Unique Single-Family Development And More Planned for The Grove

Vista 4

A unique four-unit single family development in The Grove has received an endorsement for tax abatement from the Park Central Development Corporation. Planned for 4310 Vista, across from Adams Elementary, the project has added a unit an moved east a few lots from a 2015 proposal.

Not only does the project demonstrate belief in demand for market-rate housing south of Manchester, it introduces a new and interesting housing form to the city. The equivalent of four narrow city lots will see four homes, two behind two facing Vista, and detached four-car garage.

Each home will own the land around it, with common ownership of the central courtyard and vegetable garden. The arrangement allows, not only the sharing of amenities and parking, but a different house form, avoiding the constraint of the typical 25ft-wide lot.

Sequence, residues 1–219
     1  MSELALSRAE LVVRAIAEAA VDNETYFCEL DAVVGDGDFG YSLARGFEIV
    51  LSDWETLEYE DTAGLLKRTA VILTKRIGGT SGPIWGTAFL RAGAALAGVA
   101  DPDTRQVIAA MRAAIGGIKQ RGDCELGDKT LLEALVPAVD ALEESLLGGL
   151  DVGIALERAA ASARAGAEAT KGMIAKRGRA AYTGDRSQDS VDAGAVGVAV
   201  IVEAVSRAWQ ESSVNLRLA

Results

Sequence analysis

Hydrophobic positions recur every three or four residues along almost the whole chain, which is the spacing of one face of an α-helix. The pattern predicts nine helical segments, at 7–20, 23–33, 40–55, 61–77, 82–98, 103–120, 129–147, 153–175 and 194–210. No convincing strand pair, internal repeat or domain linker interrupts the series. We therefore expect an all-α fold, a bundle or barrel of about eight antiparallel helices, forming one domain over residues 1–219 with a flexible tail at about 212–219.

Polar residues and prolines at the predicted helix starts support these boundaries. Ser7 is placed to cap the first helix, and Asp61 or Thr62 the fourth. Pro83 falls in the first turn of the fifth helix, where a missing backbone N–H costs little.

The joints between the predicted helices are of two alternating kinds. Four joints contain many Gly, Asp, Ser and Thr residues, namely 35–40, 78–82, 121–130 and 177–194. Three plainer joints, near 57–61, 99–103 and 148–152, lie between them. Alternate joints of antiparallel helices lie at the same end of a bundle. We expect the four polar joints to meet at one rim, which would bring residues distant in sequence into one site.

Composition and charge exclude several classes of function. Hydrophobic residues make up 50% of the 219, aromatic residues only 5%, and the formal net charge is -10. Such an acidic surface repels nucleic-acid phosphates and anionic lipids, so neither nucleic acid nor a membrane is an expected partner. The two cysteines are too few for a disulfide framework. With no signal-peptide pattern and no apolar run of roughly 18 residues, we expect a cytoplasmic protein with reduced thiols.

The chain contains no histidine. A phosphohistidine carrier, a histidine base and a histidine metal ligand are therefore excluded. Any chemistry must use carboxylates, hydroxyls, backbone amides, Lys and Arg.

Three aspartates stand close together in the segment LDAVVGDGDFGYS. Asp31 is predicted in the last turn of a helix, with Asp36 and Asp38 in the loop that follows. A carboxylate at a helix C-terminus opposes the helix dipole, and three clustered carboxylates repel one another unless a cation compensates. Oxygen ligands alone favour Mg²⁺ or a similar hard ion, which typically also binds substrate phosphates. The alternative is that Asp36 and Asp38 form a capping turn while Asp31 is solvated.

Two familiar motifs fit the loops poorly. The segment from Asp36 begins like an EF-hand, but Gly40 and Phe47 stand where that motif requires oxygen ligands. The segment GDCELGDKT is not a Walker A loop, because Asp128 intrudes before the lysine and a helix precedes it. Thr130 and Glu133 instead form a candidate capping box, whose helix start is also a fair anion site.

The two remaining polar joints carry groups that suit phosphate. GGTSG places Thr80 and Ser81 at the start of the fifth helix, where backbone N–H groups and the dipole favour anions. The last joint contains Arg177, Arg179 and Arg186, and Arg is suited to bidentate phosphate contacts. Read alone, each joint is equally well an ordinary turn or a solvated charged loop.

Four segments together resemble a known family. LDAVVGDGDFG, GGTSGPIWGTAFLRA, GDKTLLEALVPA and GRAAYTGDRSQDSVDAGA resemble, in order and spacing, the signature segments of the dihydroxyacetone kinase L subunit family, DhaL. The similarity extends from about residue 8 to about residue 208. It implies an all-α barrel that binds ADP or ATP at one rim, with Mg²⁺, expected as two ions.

Vista 3

Vista 1

The 2015 proposal stated the exterior material will be all wood. The total project cost is estimated at $1.53M. Construction could begin in September, with completion in June 2017.

In addition, a second phase is planned for the corner of Vista and Tower Grove Avenues. There, a three-story mixed-use building will anchor a prominent corner in the neighborhood. There is also interest in the Columbia Iron Works site and the two and three-story historic buildings facing Tower Grove. The site is owned by Lamb’s Bride Church, which is located on the northeast corner of the intersection.

Vista 7

Vista 6

Vista 5